Since the detection of the toxin microcystin left nearly half a million Ohio and Michigan residents without drinking water for several days in early August, discussions of ways to prevent a recurrence have largely focused on the need to reduce the amount of phosphorus fertilizer that washes off croplands and flows into western Lake Erie to trigger harmful cyanobacteria blooms.
In a study published online Oct. 8 in the journal Water Resources Research, scientists from U-M and the National Oceanic and Atmospheric Administration conclude that microcystin-producing cyanobacteria in Lake Erie are becoming more sensitive to phosphorus and that reductions may have to cut far deeper than recently proposed targets.
"Our results suggest that current phosphorus loading targets will be insufficient for reducing the intensity of cyanobacteria blooms to desired levels, so long as the lake remains in a heightened state of bloom susceptibility," said lead author Daniel Obenour, formerly of the U-M Water Center and now at North Carolina State University. Other authors are Don Scavia of U-M and Andrew Gronewold and Craig Stow of the National Oceanic and Atmospheric Administration.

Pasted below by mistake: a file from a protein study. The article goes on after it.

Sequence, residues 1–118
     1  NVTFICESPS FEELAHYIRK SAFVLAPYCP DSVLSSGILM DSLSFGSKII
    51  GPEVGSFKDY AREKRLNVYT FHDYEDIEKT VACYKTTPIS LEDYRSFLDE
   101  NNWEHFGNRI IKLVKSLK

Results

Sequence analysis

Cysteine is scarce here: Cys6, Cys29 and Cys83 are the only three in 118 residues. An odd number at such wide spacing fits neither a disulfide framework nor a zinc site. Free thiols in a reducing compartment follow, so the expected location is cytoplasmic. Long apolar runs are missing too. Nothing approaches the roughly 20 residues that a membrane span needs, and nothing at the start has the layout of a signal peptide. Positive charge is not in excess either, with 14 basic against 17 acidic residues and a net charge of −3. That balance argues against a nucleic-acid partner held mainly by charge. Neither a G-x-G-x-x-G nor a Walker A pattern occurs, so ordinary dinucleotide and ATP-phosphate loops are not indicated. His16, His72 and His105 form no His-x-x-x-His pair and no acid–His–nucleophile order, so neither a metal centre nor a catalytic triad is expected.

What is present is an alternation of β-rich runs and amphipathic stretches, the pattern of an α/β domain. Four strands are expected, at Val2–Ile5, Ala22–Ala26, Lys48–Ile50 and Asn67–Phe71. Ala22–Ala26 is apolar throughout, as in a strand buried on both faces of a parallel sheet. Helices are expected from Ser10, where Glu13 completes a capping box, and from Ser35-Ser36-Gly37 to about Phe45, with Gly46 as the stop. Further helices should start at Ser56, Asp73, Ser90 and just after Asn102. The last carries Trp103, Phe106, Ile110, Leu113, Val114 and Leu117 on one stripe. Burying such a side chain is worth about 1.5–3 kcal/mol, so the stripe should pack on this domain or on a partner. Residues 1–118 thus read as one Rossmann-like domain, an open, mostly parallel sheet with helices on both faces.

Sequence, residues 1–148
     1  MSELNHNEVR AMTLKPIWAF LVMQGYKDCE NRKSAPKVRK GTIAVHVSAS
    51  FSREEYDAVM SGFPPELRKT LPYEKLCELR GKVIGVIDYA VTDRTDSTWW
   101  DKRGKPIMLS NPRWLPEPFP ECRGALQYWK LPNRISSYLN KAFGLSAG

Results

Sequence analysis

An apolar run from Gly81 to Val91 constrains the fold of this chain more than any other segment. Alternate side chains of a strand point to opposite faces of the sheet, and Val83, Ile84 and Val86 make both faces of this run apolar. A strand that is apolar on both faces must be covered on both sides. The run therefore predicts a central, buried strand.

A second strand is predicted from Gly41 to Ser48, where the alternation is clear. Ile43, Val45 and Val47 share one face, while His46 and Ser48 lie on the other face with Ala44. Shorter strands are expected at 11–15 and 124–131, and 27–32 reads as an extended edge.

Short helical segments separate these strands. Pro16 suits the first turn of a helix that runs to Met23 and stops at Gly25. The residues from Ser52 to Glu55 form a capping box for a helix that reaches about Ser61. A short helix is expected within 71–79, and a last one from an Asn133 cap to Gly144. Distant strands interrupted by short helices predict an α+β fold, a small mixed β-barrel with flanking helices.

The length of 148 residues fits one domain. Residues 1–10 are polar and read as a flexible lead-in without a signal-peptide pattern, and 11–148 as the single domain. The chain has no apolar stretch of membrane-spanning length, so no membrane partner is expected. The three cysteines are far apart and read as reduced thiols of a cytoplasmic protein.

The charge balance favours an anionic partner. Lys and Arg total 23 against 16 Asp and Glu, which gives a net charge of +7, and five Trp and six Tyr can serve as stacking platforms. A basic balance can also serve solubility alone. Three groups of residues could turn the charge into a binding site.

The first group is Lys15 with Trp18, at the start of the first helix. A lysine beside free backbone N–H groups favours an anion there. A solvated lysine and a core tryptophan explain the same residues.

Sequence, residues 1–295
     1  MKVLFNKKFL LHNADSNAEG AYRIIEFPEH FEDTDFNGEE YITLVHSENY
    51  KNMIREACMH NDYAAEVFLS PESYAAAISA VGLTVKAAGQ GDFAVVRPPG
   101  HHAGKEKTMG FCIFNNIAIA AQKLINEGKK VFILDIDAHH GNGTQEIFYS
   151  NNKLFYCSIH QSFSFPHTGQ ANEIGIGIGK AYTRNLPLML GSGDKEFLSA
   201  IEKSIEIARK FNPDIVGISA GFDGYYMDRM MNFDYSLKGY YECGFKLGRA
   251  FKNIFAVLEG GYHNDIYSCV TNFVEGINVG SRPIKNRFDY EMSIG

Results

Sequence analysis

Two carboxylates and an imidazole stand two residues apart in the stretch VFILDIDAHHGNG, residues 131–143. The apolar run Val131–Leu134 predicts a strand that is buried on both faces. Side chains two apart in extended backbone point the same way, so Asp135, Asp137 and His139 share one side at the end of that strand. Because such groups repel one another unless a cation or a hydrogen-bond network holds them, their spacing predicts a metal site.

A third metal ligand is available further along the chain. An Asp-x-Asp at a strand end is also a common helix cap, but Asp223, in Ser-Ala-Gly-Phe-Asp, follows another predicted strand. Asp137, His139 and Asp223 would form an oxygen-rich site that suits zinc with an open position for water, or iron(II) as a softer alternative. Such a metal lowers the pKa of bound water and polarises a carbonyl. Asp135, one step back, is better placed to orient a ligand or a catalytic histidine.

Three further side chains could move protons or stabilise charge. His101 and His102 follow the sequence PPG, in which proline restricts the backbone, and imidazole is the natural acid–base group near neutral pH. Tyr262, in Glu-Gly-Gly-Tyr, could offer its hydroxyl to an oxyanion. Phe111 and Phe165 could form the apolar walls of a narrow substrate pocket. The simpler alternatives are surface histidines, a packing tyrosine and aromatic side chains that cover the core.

...Though the total amount of phosphorus entering the lake seems to be the best predictor of bloom size, that variable alone doesn't fully explain the observed size increase during the study period examined by the team, 2002 to 2013....